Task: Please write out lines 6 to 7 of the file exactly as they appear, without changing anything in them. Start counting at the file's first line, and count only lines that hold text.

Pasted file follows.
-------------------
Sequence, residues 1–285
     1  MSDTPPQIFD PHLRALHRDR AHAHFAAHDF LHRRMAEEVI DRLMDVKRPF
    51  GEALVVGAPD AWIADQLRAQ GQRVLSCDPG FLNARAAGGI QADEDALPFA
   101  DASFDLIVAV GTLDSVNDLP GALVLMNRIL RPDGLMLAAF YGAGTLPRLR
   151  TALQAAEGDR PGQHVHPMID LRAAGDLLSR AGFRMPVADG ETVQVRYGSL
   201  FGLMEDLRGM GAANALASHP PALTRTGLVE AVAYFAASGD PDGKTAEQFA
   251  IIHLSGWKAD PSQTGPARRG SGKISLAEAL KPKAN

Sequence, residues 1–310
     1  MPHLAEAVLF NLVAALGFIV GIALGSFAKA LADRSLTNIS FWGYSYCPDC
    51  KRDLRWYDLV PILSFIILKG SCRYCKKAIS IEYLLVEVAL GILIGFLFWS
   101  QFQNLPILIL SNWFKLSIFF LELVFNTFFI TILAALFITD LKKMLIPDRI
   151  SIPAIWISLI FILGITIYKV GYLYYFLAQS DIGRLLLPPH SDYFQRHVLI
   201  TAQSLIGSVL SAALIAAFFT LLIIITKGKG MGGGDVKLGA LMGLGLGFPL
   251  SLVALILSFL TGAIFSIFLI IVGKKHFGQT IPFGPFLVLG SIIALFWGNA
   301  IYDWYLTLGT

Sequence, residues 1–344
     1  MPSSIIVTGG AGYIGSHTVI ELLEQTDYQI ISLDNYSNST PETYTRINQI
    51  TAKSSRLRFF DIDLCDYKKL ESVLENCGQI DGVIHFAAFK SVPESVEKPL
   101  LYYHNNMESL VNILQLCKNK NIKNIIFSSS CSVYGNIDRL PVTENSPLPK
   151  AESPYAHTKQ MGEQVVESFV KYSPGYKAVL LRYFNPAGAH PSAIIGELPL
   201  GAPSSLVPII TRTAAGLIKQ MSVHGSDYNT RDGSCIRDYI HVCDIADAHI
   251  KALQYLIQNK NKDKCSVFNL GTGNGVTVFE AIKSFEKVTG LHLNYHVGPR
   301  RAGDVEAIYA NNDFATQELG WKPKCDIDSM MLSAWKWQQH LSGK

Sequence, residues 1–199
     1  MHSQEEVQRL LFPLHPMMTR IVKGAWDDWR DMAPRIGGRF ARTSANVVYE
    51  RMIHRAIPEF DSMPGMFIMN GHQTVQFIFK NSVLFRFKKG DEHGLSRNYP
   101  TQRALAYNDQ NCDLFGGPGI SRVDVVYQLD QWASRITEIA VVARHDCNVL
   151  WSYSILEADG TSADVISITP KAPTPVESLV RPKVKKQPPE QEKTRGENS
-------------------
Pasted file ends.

   201  FGLMEDLRGM GAANALASHP PALTRTGLVE AVAYFAASGD PDGKTAEQFA
   251  IIHLSGWKAD PSQTGPARRG SGKISLAEAL KPKAN